The United States Supreme Court recently granted certiorari to TransUnion on a multimillion-dollar jury verdict arising out of a class action in the Ninth Circuit.
In Ramirez v. TransUnion, a case filed in the Northern District of California,the jury assessed $60 million in damages against TransUnion for three FCRA violations: (1) willful failure to follow reasonable procedures to assure accuracy of terrorist alerts in violation of 15 U.S.C. § 1681e(b); (2) willful failure to disclose to class members their entire credit reports by excluding the alerts from the reports in violation of § 1681g(a)(1); and (3) willful failure to provide a summary of rights in violation of § 1681g(c)(2). The facts relating to the alleged injury suffered by the named class member are compelling. When applying for a car loan, Mr. Ramirez was denied financing by the dealership because he was incorrectly listed a match on an OFAC Advisor “terrorist list” alert that came up when his credit report was pulled, based on information obtained through a third party vendor. Notably, the dealership did not conduct any further independent investigation to determine whether Mr. Ramirez was in fact a match but instead sold the car to Mr. Ramirez’ wife.
Mr. Ramirez thereafter requested and obtained his credit report from TransUnion, which did not contain the OFAC alert. However, a letter he received from TransUnion a day later notified him that he was listed as a “prohibited SDN (Specially Designated National)”. After speaking with an attorney, Mr. Ramirez learned of the procedure to dispute the OFAC data associated with his credit file and did so. The alert was removed. The record revealed that more than 8,000 other consumers’ credit files had also been falsely labeled as prohibited SDNs from January and July 2011 and that they received a letter similar to Mr. Ramirez’ when they requested their credit reports during that time. Mr. Ramirez subsequently brought the above class action on behalf of himself and those other consumers, who apparently did not suffer any actual injury for which damages could be awarded. The jury verdict amounted to roughly $1,000 in statutory damages per class member and $6,300 each in punitive damages.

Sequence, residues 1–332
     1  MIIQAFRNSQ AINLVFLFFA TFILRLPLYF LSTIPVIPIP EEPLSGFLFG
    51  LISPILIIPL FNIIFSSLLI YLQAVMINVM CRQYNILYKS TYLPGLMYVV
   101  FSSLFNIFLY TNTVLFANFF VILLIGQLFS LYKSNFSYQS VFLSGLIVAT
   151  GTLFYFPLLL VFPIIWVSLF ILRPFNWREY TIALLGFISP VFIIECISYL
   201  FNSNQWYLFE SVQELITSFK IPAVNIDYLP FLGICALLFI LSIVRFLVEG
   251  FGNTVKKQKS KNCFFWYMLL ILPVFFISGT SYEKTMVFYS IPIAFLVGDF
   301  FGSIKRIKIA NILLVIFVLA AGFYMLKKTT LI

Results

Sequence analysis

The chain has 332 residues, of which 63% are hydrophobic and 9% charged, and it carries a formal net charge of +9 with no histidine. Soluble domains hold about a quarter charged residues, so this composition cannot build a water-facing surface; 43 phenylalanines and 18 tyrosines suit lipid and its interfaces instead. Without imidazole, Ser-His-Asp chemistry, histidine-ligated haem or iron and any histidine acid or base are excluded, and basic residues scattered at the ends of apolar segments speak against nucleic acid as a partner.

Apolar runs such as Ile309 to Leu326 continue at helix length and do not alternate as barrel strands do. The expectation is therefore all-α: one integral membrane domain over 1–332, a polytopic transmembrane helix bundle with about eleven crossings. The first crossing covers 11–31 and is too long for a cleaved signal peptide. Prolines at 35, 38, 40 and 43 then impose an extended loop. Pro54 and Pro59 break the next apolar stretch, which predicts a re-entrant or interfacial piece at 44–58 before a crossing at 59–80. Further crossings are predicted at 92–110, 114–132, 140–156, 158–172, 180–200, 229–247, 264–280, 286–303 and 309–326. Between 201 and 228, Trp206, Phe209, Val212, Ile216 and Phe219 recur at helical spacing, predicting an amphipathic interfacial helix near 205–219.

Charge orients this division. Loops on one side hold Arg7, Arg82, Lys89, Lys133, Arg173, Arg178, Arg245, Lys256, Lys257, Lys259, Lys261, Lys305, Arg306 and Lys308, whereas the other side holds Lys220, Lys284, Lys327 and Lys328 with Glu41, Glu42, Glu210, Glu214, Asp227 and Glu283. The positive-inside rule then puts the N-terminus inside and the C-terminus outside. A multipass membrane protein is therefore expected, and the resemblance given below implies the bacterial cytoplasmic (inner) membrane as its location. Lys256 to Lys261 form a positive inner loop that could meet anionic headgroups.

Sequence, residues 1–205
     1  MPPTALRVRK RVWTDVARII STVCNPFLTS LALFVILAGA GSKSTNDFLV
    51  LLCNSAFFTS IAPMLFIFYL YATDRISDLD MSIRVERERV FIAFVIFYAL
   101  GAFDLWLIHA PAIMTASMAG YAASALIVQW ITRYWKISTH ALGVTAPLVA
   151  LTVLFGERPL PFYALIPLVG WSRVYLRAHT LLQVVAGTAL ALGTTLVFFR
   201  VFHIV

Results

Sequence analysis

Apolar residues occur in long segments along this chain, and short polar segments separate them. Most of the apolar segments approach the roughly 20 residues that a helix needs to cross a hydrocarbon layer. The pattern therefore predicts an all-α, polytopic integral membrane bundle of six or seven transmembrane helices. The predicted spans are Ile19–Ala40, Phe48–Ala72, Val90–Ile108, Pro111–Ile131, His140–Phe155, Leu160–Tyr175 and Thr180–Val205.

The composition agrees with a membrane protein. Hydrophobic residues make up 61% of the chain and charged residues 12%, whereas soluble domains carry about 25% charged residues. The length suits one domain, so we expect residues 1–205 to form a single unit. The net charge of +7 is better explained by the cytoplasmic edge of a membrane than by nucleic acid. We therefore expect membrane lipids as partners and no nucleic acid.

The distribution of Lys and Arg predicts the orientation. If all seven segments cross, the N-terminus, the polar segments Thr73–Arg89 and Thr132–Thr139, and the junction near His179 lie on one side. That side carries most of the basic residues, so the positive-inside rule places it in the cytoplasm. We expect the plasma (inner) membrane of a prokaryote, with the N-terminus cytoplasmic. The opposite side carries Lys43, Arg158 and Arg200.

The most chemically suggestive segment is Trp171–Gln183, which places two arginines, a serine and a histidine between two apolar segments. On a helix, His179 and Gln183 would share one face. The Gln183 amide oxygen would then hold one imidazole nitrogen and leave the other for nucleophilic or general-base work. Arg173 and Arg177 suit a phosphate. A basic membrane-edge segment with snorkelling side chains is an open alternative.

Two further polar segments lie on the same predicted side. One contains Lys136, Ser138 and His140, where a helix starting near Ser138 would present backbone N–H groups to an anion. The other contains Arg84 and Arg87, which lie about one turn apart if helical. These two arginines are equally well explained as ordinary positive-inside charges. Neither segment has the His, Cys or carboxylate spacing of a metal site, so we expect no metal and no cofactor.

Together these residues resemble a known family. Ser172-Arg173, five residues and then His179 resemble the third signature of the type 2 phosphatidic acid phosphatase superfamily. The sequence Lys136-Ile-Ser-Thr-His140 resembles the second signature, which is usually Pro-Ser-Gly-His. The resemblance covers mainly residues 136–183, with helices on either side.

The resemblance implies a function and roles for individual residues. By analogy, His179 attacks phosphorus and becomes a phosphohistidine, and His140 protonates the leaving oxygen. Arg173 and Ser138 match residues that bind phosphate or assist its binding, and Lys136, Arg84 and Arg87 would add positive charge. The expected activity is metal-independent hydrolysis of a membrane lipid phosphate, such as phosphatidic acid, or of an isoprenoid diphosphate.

After the jury verdict, TransUnion appealed to the Ninth Circuit Court of Appeals. The Ninth Circuit held that the class members had standing sufficient to be certified as a class under Rule 23, but found that the punitive damages award was excessive and cut the punitive damage award in half.
On review, the U.S. Supreme Court must consider and rule upon two critical issues: (1) Whether either Article III or Rule 23 permits a damages class action where the vast majority of the class suffered no actual injury, and (2) whether a punitive damages award violates a defendant’s due process rights where it is exponentially larger than any class-wide actual damages and multiples greater than the statutory damages awarded for the defendant’s violations.
The Ramirez case comes before the High Court at the end of another record-setting year for FCRA claims. But its implications far exceed FCRA litigation. With a historically conservative Court hearing this case, there is at least a possibility that class actions may be more heavily scrutinized in the future.
Baker Sterchi will continue to monitor the Ramirez case for important updates.